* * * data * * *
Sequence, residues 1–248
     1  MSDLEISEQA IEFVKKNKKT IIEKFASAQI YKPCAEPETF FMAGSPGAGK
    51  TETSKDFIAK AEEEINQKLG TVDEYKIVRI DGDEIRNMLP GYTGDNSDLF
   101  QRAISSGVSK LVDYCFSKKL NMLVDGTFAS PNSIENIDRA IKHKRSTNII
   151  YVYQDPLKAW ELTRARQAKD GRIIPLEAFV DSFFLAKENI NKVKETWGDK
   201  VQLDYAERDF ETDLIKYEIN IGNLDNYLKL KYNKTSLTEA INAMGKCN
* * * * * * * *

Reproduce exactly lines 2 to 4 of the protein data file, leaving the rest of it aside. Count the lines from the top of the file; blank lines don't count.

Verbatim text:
     1  MSDLEISEQA IEFVKKNKKT IIEKFASAQI YKPCAEPETF FMAGSPGAGK
    51  TETSKDFIAK AEEEINQKLG TVDEYKIVRI DGDEIRNMLP GYTGDNSDLF
   101  QRAISSGVSK LVDYCFSKKL NMLVDGTFAS PNSIENIDRA IKHKRSTNII